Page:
And, Ali could take a punch that was seen three years later when he defeated Frazier in a rematch though not for a title because George Foreman had it at the time.

There was “The Thriller in Manila” and a third fight with Frazier in the Philippines. Eight-time division champion Manny Pacquiao, the now Senator from the the Philipines said about Ali, “He did so much for mankind, and the name Muhammad Ali is always a part of boxing in his country.”

There was the “Rumble in the Jungle” with George Foreman- avenging losses and coming back to win another championship. Ali was the sports icon who transcended sports and of course the sport that gave him fame.

Bob Arum, the 84-year-old promoter of Top Rank who has been in the business 50 years, recently celebrated his first promotion when Ali fought George Chuvalo. He will be one of many that will attend the Ali funeral in Louisville Kentucky, the birthplace of Cassius Clay and where an icon reigns.

Said Arum moments after Ali passed away at a hospital in Phoenix Arizona, “A true great has left us. Muhammad Ali transformed this country and impacted the world with his spirit. His legacy will be part of our history of all time.” Arum promoted  more fights for Ali over the rival promoters, including Don King.

Angelo Dundee, his trainer that worked most of his championship fights in the corner understood the personality. There were clashes and of course always believing that Muhammad Ali indeed was “The Greatest.” Dundee, up until his passing in February of 2012 saw that Ali took a lot of punches. There was always a fear that Parkinson’s syndrome would overtake Ali and his championship hands and brain.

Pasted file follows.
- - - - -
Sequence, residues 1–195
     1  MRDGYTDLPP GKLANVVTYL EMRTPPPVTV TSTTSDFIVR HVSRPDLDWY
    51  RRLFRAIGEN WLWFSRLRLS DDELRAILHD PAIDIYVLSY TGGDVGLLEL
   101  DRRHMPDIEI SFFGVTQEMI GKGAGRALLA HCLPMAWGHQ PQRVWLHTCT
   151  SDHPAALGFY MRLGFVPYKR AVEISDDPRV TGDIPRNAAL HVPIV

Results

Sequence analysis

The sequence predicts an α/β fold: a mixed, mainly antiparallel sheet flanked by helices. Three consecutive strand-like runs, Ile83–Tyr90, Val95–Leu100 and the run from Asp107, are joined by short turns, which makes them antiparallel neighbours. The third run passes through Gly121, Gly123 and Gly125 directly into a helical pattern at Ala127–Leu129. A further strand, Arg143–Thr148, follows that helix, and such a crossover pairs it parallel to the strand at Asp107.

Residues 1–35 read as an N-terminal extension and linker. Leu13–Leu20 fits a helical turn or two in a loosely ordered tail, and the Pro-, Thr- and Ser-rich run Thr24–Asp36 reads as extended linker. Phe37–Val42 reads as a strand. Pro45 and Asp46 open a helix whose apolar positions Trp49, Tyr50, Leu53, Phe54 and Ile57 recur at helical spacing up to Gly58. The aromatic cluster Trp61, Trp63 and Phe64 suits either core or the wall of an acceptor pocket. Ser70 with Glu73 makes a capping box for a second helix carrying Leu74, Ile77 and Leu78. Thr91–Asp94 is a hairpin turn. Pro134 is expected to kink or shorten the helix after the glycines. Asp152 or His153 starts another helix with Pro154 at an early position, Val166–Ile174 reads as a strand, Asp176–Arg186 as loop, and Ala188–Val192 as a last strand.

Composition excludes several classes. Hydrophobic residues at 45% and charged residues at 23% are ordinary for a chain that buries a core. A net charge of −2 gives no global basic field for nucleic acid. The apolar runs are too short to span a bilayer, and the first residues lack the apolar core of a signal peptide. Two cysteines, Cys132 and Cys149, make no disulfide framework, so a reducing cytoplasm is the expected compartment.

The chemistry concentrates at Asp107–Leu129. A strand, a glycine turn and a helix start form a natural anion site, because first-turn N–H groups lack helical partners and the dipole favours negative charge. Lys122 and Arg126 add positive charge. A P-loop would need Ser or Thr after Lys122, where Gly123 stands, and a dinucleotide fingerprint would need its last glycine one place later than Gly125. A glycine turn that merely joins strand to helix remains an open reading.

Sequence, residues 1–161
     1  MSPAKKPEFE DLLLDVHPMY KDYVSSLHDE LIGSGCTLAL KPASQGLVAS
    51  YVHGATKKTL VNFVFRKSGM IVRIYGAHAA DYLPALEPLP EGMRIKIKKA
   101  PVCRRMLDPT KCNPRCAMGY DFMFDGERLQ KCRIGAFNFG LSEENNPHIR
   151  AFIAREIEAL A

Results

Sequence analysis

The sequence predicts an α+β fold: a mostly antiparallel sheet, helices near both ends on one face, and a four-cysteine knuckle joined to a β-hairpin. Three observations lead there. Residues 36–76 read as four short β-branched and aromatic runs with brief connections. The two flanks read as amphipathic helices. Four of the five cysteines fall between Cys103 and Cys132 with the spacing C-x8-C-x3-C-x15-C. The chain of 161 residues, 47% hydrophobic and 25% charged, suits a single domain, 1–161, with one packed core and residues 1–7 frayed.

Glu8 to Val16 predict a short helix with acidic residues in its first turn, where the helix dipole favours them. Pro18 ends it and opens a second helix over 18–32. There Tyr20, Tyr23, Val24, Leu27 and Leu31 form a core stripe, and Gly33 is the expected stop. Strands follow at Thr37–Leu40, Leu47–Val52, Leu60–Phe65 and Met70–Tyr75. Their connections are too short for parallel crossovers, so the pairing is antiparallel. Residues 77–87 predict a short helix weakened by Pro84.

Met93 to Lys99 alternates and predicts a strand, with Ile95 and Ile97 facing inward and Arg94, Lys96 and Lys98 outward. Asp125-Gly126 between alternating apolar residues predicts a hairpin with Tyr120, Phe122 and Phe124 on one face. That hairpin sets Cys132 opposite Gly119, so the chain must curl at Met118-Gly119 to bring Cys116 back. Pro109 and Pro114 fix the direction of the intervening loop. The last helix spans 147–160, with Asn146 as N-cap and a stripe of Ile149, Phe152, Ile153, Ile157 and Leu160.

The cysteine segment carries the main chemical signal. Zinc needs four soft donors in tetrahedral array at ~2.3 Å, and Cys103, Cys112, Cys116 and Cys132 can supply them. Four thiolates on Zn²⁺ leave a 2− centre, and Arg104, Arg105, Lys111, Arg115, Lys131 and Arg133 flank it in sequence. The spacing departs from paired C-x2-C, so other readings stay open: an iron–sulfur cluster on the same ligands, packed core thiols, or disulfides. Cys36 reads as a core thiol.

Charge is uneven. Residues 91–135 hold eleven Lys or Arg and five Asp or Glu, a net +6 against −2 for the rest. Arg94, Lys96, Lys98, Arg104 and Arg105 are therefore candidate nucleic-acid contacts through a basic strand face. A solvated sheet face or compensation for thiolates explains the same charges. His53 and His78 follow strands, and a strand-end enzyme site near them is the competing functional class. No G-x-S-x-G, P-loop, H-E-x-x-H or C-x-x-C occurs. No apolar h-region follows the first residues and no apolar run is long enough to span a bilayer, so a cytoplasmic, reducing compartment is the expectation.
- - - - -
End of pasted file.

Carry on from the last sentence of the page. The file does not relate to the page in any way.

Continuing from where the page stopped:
The final few fights may have taken a toll against Larry Holmes and Trevor Berbick in 1980 and 1981. Dundee, the confidant did not want Ali to continue fearing there would be injury and the fight against Holmes may have taken a toll.

But Ali told Sugar in another book written by Dundee, “My View From the Corner” that he chose him as the trainer because, “He wasn’t bossy. He didn’t tell me what to do.” Ali would say, “In those days, Elijah Muhammad told us that the white man was the Devil, and I believed him. It made me very controversial. Angelo Dundee paid no attention to all that talk, all that bad publicity. He never said I was wrong. He never asked why I joined the Muslims. He never said anything about it.”

Ali added, “That is one reason I stayed with him. He let me be exactly who I wanted to be, and he was loyal. That is the reason I love Angelo.”

And when you look at the legacy, Muhammad Ali has to be the number one heavyweight of all-time, possibly the best in the modern boxing era. Rocky Marciano had the 49-0 undefeated streak before retiring, but not the charisma.

From this perspective, there was one personal experience with Muhammad Ali. I was at ringside and a shake of hands. Not many words except “The Greatest” saying, “You look good but not as good as me.” That was the charisma and how Ali had that impact with the many members of the media he came across over the years as a fighter and ambassador of the sport.

Ambassador, because he spoke and had an impact until Parkinson’s kept Ali silent. He was loved and hated, but in the end indeed no debate as “The Greatest.” Boxing has lost an icon and will never see one of this magnitude again. The heavyweight division has never been the same since the Ali era. And it can be said, the sport that has been in a decline years after Ali’s last win against Leon Spinks.

He was a boxer, a symbol, his best promoter and of course, “The Greatest.”

Rest in Peace Champ and prayers to a family that will always keep Muhammad Ali in our presence at ringside.